School Committee candidate profile: Rebekah Pratt

Mar 21, 2018

Frustration with the current state of Wareham Public Schools prompted candidate Rebekah Pratt to run for School Committee. Pratt, a manager in the medical field, believes the school system is under-serving students and the community.

“We are capable of so much more,” said Pratt. “We need to go back to the basics with a fresh perspective and innovative approaches to the challenges that face our educators and students.”

Pratt said teachers, administrators and students leaving the district is a major issue facing the committee. To address that, she said fostering a work environment focused on honest feedback is important. And that starts with the administration.

“We must change the culture and this must come from the top,” said Pratt, whose daughter is a high school student. Pratt is also president of the Wareham Music Boosters and volunteers for Wareham Girls Softball.

A resident for the past five years, Pratt has 20 years of experience in business management and currently works as the director of Urgent Care for Compass Medical, a medical practice in East Bridgewater.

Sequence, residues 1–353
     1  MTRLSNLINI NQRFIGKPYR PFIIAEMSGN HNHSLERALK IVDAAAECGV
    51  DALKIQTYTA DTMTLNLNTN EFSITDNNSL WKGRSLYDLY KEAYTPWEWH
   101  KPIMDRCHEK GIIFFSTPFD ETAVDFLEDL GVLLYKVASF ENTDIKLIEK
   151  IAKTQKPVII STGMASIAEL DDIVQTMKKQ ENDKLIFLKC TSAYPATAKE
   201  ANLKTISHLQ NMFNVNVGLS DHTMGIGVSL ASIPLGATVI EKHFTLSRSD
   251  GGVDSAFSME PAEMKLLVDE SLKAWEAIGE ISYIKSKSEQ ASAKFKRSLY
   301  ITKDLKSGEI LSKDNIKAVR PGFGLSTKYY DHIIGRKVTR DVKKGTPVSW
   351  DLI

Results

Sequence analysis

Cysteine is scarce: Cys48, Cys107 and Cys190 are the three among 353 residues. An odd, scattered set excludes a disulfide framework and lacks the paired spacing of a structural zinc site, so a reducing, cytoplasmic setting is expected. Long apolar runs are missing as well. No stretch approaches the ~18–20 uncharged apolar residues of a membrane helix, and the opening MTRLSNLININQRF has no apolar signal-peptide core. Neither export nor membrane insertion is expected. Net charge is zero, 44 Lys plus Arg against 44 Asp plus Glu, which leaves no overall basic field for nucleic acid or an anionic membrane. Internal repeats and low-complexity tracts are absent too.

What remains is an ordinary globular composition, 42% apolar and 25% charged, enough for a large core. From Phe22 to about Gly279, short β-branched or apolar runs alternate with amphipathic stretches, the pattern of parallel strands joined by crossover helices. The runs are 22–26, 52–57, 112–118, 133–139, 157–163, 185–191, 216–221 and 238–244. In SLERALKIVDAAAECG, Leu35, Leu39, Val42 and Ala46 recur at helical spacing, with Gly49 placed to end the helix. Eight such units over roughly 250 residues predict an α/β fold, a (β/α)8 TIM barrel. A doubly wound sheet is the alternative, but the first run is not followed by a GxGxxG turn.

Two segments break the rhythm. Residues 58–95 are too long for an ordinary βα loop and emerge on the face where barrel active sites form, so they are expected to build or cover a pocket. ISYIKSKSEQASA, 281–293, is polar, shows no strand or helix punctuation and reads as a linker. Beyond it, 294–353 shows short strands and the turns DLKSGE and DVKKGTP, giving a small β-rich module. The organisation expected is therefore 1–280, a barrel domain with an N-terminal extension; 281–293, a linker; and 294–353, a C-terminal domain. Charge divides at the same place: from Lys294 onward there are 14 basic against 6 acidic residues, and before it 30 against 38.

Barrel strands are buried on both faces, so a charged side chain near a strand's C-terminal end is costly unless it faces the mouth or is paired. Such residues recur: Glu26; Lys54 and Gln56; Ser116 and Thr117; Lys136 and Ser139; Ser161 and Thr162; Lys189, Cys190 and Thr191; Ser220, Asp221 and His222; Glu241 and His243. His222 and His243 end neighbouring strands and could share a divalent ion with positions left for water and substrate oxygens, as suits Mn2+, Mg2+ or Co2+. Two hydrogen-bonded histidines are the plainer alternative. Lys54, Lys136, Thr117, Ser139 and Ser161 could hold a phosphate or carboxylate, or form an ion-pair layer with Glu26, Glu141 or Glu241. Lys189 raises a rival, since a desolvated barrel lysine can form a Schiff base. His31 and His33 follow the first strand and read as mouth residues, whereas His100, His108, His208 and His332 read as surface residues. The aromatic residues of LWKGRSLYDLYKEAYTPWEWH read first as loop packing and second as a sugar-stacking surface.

Her management experience will serve her well if elected, she said.

“I have the ability to recognize the goals and needs of each school independently and as a school district,” said Pratt. “I have tremendous success in increasing employee retention and creating productive, profitable and gratifying working environments.”

Pratt said keeping teachers and changing the overall negative perception of the schools are the most pressing issues facing committee members. Overcoming those issues will be difficult, she said, but possible.

“If we can focus on the employee experience by empowering our teachers and giving them the freedom, support, and supplies to be truly innovative – then Wareham Public Schools will be a place where the best educators and administrators seek out employment opportunities,” she said.

One change Pratt would like to see if elected, is allowing the community more time to comment during School Committee meetings. Currently, one part of the meeting is dedicated for public participation. Pratt said she wants to give more time to residents to make comments before members vote on major issues, even though she said that might be an “unpopular” decision.

“I would recommend that we work to show a more organized and open forum in which parents, educators, and students feel welcome and able to express concerns,” she said.